Rina Kline is a lovely mother on the Autism Spectrum, her son is a level one autistic teen and Rina’s partner is also a woman on the Autism Apectrum. Rina asked to speak with me under a condition of anonymity due to her concerns about how her community might view her private life. Sadly like most alternative/poly amorous person’s Rina worries that she will likely face negative consequences regarding coming out. I had the pleasure of interviewing her recently.
Sean: “Can you tell me about your experiences negotiating romance as a woman on the spectrum?”
“It’s been an interesting process through my life. On one hand I’ve never really subscribed to any way I’m “supposed to be,” that’s where I find Autism plays a role. I had religious family but from a very young age I would ask probing questions about religion, as to the why about it. So when I became sexually aware I had to do so carefully.
It was really interesting because I was aware of this shame from society and family but I didn’t feel shame about my sexuality when I came out personally.
I originally came out as bi, but both gay people and straight people in the nineties had their own views about it. Gays said that if you were bi that it meant you’re just on the way to gay and straights said if you’re bi you’re in a phase. I came out as Gay even though I hated that label and I hated how society boxed me in on both sides. I mainly decided to say I was a lesbian because I didn’t want my family to have any sort of wiggle room to “convert me” away from being bi. I wanted to be who I was.
In retrospect I realize why second dates didn’t happen for me often. I can be probing and I’m interested in psychology so I’m known for probing people when I am getting to know them. I have always been direct and very blunt and everyone knows this about me. This chased away a lot of people I was dating. My closest friends are gay men because gay culture tends to celebrate this blunt nature.”
This put an interesting spin on dating and when I met my wife and got married it took her a while to get used to me being direct and not having a hidden agenda. My wife has a passive aggressive mother and my wife wasn’t used to someone being direct without a hidden agenda. It took me three or four years to figure out passive aggression so my wife had to get used to me and how I function. Now fifteen years later I know how to respond and its comfortable and easy but I had to learn how to interact with my passive aggressive mother in law. This also happens with people being homophobic and I have had to learn how to detect it.”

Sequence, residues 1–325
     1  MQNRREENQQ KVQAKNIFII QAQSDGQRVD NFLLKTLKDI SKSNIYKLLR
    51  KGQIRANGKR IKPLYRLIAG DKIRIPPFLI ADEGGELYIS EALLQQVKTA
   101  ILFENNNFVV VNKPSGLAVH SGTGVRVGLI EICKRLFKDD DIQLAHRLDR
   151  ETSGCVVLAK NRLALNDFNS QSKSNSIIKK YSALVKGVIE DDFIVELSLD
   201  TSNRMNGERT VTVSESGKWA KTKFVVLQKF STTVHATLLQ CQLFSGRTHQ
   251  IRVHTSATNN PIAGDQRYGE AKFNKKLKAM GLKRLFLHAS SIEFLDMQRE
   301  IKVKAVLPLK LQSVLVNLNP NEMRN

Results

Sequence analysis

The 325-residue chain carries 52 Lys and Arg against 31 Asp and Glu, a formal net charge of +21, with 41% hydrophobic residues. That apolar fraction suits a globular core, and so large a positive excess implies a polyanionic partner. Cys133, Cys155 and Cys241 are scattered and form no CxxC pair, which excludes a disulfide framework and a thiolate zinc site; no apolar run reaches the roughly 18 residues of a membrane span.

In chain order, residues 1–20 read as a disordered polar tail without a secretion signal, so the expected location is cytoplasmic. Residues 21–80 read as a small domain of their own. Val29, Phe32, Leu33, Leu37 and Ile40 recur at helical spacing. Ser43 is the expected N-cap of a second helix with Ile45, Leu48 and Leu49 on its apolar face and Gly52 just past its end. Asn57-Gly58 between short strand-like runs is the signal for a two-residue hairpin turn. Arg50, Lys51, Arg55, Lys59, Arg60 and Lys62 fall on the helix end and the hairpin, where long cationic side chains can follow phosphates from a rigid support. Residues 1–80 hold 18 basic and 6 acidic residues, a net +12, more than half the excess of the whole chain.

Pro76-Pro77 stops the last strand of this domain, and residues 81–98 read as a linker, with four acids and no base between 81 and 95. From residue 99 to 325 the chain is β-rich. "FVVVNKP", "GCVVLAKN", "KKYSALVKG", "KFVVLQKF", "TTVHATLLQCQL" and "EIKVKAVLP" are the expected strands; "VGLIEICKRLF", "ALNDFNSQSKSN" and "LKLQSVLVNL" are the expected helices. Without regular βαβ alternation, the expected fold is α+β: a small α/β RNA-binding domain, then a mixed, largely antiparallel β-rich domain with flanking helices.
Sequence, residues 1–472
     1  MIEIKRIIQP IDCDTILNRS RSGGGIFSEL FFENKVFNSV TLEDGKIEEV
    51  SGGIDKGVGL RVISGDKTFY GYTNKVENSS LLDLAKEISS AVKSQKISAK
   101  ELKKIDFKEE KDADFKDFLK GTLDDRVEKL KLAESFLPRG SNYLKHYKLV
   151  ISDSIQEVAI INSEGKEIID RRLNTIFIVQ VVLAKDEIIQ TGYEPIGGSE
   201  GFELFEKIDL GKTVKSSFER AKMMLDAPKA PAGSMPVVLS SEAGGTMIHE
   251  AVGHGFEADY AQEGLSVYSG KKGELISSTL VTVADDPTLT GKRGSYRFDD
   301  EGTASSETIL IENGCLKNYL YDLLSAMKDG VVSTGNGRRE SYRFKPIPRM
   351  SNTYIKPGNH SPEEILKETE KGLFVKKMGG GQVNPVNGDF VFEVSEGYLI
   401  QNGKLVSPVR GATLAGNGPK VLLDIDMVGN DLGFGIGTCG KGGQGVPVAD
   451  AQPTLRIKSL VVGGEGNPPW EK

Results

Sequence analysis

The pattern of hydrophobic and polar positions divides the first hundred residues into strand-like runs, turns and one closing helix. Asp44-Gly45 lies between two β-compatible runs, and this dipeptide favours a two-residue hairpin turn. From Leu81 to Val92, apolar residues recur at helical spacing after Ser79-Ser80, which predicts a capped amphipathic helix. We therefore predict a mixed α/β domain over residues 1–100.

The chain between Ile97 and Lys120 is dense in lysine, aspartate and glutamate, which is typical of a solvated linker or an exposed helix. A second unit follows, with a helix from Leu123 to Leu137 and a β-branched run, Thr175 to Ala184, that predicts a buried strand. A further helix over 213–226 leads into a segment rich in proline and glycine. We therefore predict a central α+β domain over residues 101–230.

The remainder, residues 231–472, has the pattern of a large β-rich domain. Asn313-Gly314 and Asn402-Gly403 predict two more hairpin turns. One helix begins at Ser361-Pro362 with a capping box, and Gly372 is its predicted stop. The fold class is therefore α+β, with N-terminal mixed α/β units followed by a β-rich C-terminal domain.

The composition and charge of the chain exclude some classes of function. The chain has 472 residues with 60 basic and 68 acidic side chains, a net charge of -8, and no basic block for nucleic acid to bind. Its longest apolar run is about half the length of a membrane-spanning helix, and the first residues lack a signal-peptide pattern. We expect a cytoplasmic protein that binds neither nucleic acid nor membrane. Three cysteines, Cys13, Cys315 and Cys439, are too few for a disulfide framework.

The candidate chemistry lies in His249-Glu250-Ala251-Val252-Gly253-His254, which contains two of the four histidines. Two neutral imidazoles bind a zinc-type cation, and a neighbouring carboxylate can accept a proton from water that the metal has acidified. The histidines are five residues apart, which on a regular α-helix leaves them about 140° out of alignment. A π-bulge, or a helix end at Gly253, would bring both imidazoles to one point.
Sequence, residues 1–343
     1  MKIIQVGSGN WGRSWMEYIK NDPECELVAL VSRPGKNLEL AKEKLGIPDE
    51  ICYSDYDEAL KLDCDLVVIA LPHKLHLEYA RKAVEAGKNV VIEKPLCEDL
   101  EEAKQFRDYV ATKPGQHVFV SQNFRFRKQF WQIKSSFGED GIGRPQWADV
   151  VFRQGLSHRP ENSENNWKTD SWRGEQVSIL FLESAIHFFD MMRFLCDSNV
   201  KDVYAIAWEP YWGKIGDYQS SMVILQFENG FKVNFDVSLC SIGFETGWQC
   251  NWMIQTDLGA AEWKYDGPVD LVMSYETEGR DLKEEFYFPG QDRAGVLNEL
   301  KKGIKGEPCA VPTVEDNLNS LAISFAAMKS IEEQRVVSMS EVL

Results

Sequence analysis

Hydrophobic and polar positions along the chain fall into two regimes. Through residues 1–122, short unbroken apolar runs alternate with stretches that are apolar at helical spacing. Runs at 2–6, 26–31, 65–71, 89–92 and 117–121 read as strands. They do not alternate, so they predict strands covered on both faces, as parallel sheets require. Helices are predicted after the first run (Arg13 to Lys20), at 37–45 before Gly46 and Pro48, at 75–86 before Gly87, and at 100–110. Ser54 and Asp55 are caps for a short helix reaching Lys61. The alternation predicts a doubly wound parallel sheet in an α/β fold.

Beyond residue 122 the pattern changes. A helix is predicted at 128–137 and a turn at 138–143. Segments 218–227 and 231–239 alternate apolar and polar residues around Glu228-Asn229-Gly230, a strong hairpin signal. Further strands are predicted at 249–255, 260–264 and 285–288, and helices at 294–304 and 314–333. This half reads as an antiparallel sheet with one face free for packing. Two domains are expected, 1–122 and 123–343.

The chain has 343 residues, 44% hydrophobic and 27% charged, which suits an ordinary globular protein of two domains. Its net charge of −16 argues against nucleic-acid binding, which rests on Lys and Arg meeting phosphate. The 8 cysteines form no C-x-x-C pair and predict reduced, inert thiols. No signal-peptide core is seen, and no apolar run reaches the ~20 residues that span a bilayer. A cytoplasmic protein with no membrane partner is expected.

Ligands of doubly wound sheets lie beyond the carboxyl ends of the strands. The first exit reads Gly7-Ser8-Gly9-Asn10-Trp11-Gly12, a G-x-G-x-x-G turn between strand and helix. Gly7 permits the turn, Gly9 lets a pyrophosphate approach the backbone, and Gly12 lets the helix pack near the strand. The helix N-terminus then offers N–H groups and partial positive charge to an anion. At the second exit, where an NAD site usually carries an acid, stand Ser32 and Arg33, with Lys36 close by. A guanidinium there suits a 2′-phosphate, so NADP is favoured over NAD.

Sean: “I had a similar experience with my own wife and her mother in law. (laughing) A lot of people on the spectrum have alternative views regarding romance and sexuality.”
“You know one of the benefits of Autism is that once I have the logical reasons for a decision it’s more likely that I’m totally into it. Once my wife started exploring pan sexuality and polyamory I had to really tackle some past trauma in sexuality. I had a bad experience in college with a man that traumatized me. So I started researching polyamory once my wife was already open to it but at the time had never acted on it. After I had started researching it we had a group play opportunity and it really broadened our horizons. That, coupled with what I’d been learning, really opened my eyes and I was like “this is really great and I really enjoy it” and my wife was like “yes it was.” So from that point we decided to really try this polyamory thing.
I have since explored my pan sexuality and I am open to who I really am now. I am not a lesbian forced into a box. I am pansexual. Most labels aren’t very useful in my opinion but some can be and I really do feel strongly now that I am pansexual and it feels great to know myself this way. Now that I have done my research and had some experiences I am certain of who I am.”
Sean: “Thanks so much Rina, It’s been a pleasure.”
Sean Leal is on a mission to advocate both for mental health awareness and for Autism awareness as well as care. After looking back on the tragedy and abuse he suffered in his childhood he spent eight years in therapy and was diagnosed with level one Autism at the age of thirty-two. After his diagnosis other members of his family were tested for ASD as well. His brother, sister and uncle have been formally diagnosed with ASD as well as several of their children.
After helping his family learn more about the Autism spectrum he is very excited to be given the opportunity to volunteer and write for ASO. It is his hope that the book he has written, an autobiography of his life, will one day be published so that he might pursue his dream career of being a writer and published author. He considers his autistic traits to be a gift, they absolutely are the reason he survived what he did and he is proud to be on the spectrum.